swim (v.)

Old English swimman "to move in or on the water, float" (class III strong verb; past tense swamm, past participle swummen), from Proto-Germanic *swimjan (source also of Old Saxon and Old High German swimman, Old Norse svimma, Dutch zwemmen, German schwimmen), from PIE root *swem- "to be in motion."

The root is sometimes said to be restricted to Germanic, but according to OED possible cognates are Welsh chwyf "motion," Old Irish do-sennaim "I hunt," Lithuanian sundyti "to chase." The more common Indo-European word is *sna-. Transitive sense of "cross by swimming" is from 1590s. Sense of "reel or move unsteadily" first recorded 1670s; of the head or brain, from 1702. Figurative phrase sink or swim is attested from mid-15c., in early use often with reference to ordeals of suspected witches.

swim (n.)

1540s, "the clear part of any liquid" (above the sediment), from swim (v.). Meaning "part of a river or stream frequented by fish" (and hence fishermen) is from 1828, and is probably the source of the figurative meaning "the current of the latest affairs or events" (as in in the swim "on the inside, involved with current events," 1869). Meaning "act of swimming" is from 1764.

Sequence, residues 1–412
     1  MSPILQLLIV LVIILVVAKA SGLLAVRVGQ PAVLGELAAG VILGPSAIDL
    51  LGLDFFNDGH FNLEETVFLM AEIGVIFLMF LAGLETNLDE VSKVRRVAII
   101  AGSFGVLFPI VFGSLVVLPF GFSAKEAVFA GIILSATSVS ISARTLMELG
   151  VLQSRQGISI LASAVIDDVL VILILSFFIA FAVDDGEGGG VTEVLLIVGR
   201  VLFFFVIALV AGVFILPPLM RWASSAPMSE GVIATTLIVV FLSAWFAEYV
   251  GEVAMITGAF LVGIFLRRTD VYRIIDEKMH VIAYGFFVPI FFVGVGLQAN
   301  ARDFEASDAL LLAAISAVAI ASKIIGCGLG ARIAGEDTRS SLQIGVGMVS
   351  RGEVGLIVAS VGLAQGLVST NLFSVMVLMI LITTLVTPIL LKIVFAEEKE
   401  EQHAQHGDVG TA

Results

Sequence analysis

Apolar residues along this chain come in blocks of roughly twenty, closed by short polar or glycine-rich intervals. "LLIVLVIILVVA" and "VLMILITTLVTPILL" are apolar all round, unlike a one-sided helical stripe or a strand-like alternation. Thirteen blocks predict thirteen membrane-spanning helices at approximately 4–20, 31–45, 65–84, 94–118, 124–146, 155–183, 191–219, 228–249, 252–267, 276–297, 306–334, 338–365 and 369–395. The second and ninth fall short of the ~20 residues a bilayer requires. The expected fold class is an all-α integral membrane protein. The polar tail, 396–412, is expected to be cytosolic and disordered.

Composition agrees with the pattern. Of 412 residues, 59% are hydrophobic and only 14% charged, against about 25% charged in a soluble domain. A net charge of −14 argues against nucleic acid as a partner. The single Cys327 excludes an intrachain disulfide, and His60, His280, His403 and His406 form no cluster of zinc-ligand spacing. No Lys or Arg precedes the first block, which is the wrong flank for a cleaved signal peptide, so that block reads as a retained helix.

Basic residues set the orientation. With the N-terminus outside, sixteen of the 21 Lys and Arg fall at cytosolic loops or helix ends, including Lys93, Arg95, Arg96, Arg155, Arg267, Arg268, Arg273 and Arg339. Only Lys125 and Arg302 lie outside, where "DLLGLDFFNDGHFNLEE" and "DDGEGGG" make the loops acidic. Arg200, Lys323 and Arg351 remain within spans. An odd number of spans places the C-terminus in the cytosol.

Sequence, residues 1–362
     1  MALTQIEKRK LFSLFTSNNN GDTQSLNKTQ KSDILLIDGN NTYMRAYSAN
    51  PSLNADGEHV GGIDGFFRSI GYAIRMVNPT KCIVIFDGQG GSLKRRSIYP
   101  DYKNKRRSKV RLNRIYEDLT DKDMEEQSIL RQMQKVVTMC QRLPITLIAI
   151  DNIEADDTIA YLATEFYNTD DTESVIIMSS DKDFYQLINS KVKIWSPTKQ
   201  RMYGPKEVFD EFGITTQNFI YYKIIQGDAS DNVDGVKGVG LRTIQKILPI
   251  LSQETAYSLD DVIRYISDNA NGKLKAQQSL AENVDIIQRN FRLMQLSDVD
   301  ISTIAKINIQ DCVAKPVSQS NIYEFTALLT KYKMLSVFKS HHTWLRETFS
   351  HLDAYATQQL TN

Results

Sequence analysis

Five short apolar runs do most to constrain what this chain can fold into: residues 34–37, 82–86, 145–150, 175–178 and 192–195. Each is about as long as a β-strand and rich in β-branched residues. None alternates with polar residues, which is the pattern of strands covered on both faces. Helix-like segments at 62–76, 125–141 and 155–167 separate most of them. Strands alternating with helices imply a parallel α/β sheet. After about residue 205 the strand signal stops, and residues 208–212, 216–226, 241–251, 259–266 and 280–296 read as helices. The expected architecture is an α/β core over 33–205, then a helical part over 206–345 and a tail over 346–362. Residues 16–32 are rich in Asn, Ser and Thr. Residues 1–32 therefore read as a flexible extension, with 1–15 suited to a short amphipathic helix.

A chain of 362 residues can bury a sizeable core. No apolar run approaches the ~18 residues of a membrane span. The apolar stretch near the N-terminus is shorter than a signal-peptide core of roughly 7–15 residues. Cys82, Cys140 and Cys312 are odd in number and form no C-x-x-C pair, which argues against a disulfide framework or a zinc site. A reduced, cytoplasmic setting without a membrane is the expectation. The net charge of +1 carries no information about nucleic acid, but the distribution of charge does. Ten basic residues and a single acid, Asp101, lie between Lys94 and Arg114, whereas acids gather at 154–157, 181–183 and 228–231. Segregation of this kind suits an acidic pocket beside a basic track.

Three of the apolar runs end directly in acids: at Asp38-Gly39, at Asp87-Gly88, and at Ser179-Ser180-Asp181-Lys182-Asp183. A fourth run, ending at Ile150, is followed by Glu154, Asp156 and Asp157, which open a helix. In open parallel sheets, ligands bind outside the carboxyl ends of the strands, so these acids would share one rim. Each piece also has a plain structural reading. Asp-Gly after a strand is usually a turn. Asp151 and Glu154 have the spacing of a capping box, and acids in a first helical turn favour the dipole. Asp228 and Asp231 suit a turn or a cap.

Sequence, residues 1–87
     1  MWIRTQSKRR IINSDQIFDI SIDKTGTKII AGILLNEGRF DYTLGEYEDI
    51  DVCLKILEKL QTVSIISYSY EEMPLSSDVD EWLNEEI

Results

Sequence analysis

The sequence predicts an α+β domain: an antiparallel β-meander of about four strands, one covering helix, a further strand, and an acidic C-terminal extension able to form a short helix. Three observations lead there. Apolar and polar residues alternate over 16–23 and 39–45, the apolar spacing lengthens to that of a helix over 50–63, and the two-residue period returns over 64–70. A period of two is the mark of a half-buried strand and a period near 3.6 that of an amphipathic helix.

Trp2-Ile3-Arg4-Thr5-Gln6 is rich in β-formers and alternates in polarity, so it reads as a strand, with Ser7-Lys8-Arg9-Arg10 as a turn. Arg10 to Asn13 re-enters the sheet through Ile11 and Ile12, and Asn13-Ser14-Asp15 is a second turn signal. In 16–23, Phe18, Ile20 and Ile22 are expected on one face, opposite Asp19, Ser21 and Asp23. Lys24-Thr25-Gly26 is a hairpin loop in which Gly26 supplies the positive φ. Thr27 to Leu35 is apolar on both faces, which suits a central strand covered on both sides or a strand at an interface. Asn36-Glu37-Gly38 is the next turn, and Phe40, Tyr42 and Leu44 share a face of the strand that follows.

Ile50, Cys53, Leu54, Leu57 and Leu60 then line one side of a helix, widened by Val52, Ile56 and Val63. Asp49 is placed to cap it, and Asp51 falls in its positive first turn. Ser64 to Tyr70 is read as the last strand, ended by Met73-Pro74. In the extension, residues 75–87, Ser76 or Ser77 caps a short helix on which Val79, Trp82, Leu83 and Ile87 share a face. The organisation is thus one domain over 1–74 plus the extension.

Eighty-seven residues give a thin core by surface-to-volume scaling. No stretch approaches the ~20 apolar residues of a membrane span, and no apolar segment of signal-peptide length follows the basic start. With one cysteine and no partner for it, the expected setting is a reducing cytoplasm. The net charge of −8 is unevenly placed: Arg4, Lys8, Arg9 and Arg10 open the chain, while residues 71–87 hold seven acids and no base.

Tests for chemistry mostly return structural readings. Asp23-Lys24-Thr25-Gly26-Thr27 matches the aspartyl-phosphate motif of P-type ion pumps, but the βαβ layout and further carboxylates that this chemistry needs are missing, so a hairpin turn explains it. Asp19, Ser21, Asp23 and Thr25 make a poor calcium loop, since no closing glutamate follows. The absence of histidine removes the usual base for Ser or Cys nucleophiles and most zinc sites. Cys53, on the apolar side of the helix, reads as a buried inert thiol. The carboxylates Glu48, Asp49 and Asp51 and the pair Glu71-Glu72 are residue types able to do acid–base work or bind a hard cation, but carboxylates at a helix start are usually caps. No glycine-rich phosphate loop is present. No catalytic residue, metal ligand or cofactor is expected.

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Definitions of swim from WordNet
swim (v.)
travel through water;
We had to swim for 20 minutes to reach the shore
a big fish was swimming in the tank
swim (v.)
be afloat either on or below a liquid surface and not sink to the bottom;
Synonyms: float
swim (v.)
be dizzy or giddy;
my brain is swimming after the bottle of champagne
swim (v.)
be covered with or submerged in a liquid;
the meat was swimming in a fatty gravy
Synonyms: drown
swim (v.)
move as if gliding through water;
this snake swims through the soil where it lives
swim (n.)
the act of swimming;
it was the swimming they enjoyed most
they took a short swim in the pool
Synonyms: swimming